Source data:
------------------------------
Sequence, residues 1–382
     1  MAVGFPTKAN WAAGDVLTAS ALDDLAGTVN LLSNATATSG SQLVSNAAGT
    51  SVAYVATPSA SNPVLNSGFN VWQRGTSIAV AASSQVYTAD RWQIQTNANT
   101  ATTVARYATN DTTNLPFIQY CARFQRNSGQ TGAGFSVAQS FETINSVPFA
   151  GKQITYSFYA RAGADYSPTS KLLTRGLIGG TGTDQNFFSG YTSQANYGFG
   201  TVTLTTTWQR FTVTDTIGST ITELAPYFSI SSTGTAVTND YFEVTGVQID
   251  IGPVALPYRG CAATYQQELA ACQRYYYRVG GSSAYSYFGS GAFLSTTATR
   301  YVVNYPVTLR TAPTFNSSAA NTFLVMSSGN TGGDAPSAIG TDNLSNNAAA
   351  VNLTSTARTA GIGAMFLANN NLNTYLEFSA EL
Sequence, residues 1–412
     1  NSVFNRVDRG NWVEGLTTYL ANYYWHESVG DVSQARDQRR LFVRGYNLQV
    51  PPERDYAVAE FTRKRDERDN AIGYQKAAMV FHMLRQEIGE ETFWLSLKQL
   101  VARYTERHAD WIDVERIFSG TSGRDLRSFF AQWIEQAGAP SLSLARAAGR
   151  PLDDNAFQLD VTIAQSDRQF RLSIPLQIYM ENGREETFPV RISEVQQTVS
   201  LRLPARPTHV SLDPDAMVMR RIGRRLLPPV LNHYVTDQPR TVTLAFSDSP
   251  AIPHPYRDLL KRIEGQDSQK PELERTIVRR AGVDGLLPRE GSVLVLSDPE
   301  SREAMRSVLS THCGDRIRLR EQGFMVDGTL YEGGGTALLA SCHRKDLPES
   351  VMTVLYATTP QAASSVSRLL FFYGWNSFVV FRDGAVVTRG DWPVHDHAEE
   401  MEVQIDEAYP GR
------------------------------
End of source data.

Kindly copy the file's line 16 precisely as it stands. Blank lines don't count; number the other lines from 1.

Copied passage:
   251  AIPHPYRDLL KRIEGQDSQK PELERTIVRR AGVDGLLPRE GSVLVLSDPE